The Highest Paid Employees Are Not Always The Best Performers

The Highest Paid Employees Are Not Always The Best Performers

People often get motivated by money. The salary a worker receives from their employer can have a big influence on their administration efficiency. A worker does not see their pay simply as a dollar amount, they see it as an interest that their employer puts on them as workers. They believe the degree of respect can have a direct effect on their overall performance.

If a worker is satisfied with the wage they are receiving, they are more likely to perform to their capacity. A high-wage person feels driven to do a good job because they want to please their boss to keep their position. Their salary offers them a sense of security, helps to feel accomplished and gives them a rating of high status that they love. An individual is far more inclined to put in extra at the office if they feel their financial rewards are a fair trade-off.




The employer is respected by a well-paid employee. They know that management does not just pay them for doing the job, they are also respected for their experience in the subject. The employee is more likely to be happy with their work and not feel they need to look for better pay for a similar position. An employee who does not feel like their company is paying them a wage that is high enough is much more likely to look for and accept a higher paying position of a comparable nature at another company. 


When a firm fails to pay its employees well, the morale of the general office is low. Some employees might need to get a second job to reach ends, leaving them exhausted, overworked and resentful. Generally, success rates are low, as workers feel little desire to go beyond expectations and the absentee rates continue to be high. The turnover of workers in these businesses is often very high because people do not want to work for a company paying below industry standards.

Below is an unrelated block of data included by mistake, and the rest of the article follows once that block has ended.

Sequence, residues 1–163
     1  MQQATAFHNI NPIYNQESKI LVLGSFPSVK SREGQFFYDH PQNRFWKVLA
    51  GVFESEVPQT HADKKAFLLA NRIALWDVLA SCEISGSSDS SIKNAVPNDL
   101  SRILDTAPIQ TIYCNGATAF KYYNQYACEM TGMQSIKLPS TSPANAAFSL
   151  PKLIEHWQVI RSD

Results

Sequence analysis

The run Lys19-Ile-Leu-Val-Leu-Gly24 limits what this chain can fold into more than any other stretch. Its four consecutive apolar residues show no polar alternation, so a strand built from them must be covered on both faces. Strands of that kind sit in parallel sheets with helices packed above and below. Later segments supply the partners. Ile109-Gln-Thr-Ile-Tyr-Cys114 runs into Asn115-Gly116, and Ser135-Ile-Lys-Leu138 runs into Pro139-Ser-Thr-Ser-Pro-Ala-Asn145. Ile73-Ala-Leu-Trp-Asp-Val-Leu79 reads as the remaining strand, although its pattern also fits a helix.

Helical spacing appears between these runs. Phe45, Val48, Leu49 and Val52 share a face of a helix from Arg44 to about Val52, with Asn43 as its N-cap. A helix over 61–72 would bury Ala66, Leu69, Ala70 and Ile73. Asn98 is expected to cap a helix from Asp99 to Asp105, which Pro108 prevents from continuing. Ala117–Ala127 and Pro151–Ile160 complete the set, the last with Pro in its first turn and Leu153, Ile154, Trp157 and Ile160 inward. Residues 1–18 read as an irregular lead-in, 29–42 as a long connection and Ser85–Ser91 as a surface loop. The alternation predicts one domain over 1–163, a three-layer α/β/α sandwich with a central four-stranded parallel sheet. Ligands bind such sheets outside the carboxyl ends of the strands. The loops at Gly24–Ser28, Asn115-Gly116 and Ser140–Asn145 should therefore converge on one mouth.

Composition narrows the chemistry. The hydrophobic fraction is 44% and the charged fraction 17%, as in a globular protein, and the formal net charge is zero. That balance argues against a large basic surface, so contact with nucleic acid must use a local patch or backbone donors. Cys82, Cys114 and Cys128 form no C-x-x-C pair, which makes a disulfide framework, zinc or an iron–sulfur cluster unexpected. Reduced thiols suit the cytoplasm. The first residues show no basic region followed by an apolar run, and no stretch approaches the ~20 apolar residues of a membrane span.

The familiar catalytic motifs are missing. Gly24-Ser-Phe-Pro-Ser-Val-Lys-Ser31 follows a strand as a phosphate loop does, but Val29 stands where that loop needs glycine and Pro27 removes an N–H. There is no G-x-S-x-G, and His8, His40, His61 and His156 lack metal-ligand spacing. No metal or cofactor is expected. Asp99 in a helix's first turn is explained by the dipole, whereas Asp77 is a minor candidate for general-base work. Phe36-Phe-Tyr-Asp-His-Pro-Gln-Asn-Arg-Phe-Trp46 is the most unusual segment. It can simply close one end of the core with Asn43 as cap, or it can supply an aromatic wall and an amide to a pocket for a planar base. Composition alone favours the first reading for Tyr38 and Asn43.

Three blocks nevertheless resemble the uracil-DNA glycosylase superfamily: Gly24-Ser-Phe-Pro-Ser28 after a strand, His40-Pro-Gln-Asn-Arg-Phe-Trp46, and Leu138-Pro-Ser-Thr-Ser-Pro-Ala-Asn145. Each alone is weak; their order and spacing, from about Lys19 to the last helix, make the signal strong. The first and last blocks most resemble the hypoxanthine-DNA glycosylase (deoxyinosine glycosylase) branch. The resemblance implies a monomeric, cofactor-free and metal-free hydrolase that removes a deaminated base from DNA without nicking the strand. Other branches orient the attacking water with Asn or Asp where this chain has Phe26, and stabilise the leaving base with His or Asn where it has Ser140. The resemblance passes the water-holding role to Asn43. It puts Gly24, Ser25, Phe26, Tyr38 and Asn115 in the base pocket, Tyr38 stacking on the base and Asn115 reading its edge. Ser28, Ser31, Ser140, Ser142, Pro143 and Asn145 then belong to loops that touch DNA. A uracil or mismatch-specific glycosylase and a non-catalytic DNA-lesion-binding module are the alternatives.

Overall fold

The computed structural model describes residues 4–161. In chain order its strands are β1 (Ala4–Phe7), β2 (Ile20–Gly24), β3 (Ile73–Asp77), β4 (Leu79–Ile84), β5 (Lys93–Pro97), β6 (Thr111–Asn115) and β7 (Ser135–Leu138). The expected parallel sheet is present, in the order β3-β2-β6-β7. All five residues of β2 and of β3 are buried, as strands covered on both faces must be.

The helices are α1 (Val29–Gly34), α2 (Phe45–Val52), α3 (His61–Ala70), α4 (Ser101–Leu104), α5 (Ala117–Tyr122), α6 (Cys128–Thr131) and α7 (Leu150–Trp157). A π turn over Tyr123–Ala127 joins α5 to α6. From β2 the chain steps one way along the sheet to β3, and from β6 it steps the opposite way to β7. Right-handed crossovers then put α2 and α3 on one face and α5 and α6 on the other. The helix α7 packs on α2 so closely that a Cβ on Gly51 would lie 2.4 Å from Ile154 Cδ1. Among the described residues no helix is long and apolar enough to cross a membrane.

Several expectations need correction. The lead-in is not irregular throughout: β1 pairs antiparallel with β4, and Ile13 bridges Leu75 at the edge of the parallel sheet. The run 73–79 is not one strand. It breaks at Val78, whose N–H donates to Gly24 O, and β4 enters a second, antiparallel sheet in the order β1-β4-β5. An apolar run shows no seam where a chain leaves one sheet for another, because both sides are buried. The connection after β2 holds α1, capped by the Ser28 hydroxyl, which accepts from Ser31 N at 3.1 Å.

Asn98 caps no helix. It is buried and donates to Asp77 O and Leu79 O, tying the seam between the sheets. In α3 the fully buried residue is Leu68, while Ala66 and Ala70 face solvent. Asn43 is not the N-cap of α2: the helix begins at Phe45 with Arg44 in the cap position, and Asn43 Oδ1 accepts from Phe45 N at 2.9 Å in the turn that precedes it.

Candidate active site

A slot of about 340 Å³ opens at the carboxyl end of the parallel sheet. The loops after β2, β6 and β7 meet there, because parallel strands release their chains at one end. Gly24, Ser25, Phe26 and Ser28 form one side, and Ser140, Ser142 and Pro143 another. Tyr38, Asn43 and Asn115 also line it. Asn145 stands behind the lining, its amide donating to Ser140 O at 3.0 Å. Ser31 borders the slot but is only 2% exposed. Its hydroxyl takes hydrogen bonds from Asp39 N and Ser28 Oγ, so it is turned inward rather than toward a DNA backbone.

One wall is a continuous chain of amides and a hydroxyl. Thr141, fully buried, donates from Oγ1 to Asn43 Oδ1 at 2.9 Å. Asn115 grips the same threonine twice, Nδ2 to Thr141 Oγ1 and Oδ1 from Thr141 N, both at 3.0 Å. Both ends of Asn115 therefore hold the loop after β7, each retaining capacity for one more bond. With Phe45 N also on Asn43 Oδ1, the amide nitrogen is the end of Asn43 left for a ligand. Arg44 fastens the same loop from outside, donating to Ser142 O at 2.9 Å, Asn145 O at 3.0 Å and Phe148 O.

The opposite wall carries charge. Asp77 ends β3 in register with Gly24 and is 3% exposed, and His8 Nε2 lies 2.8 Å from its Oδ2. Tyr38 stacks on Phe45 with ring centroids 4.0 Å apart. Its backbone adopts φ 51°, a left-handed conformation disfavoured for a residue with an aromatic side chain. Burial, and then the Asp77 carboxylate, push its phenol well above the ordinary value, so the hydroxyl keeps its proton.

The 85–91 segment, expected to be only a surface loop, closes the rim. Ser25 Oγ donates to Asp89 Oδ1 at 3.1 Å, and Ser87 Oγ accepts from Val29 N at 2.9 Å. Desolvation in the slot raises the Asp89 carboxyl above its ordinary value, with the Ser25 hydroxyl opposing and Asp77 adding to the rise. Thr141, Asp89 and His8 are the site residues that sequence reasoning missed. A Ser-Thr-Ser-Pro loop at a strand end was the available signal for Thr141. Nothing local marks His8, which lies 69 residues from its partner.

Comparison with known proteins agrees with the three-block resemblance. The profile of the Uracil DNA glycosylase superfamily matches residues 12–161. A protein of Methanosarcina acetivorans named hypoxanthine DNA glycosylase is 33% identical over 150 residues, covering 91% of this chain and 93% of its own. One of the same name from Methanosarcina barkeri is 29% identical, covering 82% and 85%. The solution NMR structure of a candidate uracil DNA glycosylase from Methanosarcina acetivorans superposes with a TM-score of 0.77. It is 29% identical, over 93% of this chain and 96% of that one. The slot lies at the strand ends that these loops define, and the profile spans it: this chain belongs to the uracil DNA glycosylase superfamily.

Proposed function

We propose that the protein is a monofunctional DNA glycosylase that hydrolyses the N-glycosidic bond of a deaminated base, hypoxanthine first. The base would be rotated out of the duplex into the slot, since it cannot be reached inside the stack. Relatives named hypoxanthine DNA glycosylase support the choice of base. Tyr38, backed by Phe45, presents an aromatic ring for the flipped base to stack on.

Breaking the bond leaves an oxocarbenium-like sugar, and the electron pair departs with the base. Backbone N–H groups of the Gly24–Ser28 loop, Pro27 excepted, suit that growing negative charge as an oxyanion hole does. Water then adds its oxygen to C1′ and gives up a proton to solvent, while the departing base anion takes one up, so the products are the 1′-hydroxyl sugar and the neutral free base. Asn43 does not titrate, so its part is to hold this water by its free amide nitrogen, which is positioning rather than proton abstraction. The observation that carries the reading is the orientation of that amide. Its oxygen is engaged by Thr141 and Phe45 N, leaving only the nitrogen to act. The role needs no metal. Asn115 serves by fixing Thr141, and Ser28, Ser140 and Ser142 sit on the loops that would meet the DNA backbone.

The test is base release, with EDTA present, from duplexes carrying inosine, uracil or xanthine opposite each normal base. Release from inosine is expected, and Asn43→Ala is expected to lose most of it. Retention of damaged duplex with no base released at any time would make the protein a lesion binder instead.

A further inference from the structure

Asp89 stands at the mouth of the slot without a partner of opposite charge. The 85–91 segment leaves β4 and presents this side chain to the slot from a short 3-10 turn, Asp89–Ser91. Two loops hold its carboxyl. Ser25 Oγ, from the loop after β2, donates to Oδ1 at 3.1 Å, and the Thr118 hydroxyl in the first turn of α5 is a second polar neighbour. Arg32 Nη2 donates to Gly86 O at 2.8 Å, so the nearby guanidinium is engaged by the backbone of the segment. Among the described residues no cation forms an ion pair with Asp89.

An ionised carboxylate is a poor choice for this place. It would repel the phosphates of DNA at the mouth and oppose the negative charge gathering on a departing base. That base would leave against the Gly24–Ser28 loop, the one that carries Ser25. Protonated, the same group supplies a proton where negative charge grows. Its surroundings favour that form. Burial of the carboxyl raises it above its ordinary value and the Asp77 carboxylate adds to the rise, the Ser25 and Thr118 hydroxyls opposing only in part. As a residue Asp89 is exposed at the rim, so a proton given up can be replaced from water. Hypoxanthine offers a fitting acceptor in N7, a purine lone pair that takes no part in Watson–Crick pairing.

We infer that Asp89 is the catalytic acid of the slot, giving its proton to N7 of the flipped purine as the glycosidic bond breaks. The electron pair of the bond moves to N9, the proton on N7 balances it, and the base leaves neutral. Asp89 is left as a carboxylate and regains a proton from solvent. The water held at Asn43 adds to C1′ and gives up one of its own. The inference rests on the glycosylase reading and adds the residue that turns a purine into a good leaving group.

Using a performance-oriented pay plan can provide extra motivation for a worker to do their job to the best of their capacity. There can be an effective way to balance the opportunity for a worker to earn extra cash rewards with the company's goals. If they know they will receive extra money when they achieve a goal set by their supervisor, they will probably do their utmost to exceed expectations.


Expectancy theory (Vroom, 1964) has been the most thoroughly tested and there seems to be a general consensus that it offers a compelling psychological explanation for why paying for performance plans will improve employee commitment and an appreciation of the general conditions under which the plans work best.

Expectancy theory predicts that employee motivation will be enhanced, and the likelihood of desired performance increased, underpay for performance plans when the following conditions are met:

  1. Employees understand the performance goals of the program and consider them as \"doable\" despite their own capacities, expertise and the constraints presented by the task structure and other aspects of the organizational context;
  2. There is a clear link between success and pay raises that are regularly communicated and followed through;
  3. Employee value pay increases and considers the pay increases associated with a contract as substantive (that is, significant enough to support the effort needed to achieve the performance goals of the program).


Studies have shown that some employees may be paid highly despite them not being the best performers especially due to issues surrounding gender balance. Some might be paid highly simply because they are of a particular gender. These days an employer could choose to highly reward key performers, perhaps even if it means paying less instrumental workers less. This may seem disconcerting, as many organizations are aware of the rising drumbeat and media debate about pay equity, particularly women's fair pay. This drumbeat is not mistaken, because paying employees differently based on gender or age, for example, is absolutely wrong (and unlawful). It is obvious, however, that some of the more traditional and some not so conventional methods of paying people contribute to mediocre to non – performers receiving high pay.